This letter was published yesterday in the Minneapolis Star Tribune. I share it in its entirety, along with the names of the signatories of the letter. May its dissemination be a cause of increased Christian-Muslim dialogue and understanding.
To our Christian brothers and sisters:
Out of our shared love for the Messiah, Jesus, Son of Mary, Peace Be Upon Him, we greet you with peace and joy during your celebration of his life.
The Bible refers to him as the Messiah and describes the annunciation, his miraculous birth and his numerous miracles.
The Qur’an refers to him as the Messiah, Jesus, son of Mary. It teaches about his miraculous birth and how his mother Mary was honored above all the worlds. Muslims are instructed to invoke peace upon him whenever his name is mentioned.
The Qur’an narrates the story of the angel who visited Mary, saying “O Mary, indeed God has chosen you and purified you and chosen you above the women of all the worlds.” (Qur’an 3:42)
The angel said, “O Mary, indeed God gives you good news of a word from Him, whose name will be the Messiah, Jesus, son of Mary. He will be honored in this world and the Hereafter and he will be among those closest to God. He will speak to the people in the cradle and in maturity and he will be of the righteous.” (Qur’an 3:44-45)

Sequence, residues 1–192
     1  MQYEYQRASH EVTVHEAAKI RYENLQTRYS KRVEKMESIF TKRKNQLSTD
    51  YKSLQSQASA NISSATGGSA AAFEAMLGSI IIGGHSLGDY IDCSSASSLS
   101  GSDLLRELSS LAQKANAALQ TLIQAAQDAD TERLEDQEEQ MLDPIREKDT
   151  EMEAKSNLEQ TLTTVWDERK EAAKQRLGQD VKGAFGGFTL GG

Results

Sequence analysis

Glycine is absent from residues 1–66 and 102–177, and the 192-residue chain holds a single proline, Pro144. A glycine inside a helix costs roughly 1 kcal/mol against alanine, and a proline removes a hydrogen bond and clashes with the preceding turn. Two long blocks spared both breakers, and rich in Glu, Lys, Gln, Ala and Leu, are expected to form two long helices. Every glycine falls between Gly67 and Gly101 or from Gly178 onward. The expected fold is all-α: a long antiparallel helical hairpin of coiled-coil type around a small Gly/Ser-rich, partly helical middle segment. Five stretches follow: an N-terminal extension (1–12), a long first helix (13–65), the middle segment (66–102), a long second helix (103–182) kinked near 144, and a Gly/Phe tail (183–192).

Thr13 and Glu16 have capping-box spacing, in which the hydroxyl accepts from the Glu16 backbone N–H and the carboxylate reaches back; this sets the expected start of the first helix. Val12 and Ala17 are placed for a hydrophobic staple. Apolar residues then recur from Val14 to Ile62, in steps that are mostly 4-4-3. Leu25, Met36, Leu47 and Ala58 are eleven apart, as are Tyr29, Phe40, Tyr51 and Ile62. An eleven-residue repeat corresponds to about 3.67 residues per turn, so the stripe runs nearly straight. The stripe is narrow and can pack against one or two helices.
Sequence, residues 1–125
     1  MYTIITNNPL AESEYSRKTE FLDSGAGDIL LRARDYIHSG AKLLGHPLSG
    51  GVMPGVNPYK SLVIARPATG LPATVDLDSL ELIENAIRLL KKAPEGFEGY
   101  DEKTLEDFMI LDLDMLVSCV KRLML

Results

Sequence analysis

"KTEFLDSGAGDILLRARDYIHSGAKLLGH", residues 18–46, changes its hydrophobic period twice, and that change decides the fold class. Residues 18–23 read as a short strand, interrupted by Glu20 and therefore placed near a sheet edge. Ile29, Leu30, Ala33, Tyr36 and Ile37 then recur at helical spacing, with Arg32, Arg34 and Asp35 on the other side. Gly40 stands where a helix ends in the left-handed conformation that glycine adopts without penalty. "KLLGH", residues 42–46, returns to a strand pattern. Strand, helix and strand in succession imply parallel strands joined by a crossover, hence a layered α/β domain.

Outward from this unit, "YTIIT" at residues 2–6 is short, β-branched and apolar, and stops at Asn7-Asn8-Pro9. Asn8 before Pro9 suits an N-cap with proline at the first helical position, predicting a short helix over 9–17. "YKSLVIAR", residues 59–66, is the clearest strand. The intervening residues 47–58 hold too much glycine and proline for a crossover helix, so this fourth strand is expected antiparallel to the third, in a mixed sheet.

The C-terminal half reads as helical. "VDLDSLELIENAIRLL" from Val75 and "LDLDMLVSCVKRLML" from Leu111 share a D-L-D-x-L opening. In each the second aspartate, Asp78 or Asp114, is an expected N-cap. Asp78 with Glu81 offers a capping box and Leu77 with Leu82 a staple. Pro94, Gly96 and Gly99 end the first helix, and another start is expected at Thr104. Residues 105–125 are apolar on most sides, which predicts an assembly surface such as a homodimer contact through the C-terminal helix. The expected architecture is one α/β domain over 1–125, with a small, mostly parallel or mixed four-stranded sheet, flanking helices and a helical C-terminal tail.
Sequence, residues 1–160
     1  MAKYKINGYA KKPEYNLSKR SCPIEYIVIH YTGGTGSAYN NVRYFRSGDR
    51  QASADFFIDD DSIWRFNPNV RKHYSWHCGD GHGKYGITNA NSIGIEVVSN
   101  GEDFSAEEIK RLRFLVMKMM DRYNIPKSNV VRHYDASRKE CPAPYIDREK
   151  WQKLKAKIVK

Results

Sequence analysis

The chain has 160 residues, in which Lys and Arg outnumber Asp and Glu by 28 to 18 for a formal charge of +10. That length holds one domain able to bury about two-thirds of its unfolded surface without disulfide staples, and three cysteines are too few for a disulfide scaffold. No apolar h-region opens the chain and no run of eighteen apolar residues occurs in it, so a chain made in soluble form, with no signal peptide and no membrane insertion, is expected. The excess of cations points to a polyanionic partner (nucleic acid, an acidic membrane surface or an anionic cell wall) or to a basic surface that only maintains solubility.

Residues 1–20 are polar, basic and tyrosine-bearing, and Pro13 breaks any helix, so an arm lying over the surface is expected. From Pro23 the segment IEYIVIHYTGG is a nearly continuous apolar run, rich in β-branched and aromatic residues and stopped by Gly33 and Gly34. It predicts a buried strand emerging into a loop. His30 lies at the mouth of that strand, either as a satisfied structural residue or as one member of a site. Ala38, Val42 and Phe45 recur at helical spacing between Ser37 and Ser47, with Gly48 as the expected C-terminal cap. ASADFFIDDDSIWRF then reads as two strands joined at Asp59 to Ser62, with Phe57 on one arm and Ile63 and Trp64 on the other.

She said, “My Lord, how will I have a child when no man has touched me?” The angel said, “Such is God; He creates what He wills. When He decrees a matter, He only says to it, ‘Be,’ and it is.” (3:47)
The Qur’an describes how the baby Jesus, immediately upon birth, looked up to his mother and comforted her: “Do not be sad; your Lord has provided beneath you a stream. And shake toward you the trunk of the palm tree; it will drop upon you ripe, fresh dates. So eat and drink and be contented.” (Qur’an 19:24-26)
The Qur’an describes many instances in the life of Jesus: how he preached the worship of God and compassion to people, how he healed the leper, how he healed the blind, and even how he brought the dead back to life.
Our two religions, Christianity and Islam, which both profess love and reverence for Jesus as a central figure in each of our religions, constitute over half of the population of the world.
Mercy and compassion, charity and love are the divine attributes that the Christmas season evokes among Christians. A mother’s devotion, a child’s love, and the promise of God’s mercy and grace in the coming of Jesus to us are sentiments that Muslims can share and appreciate. Continue reading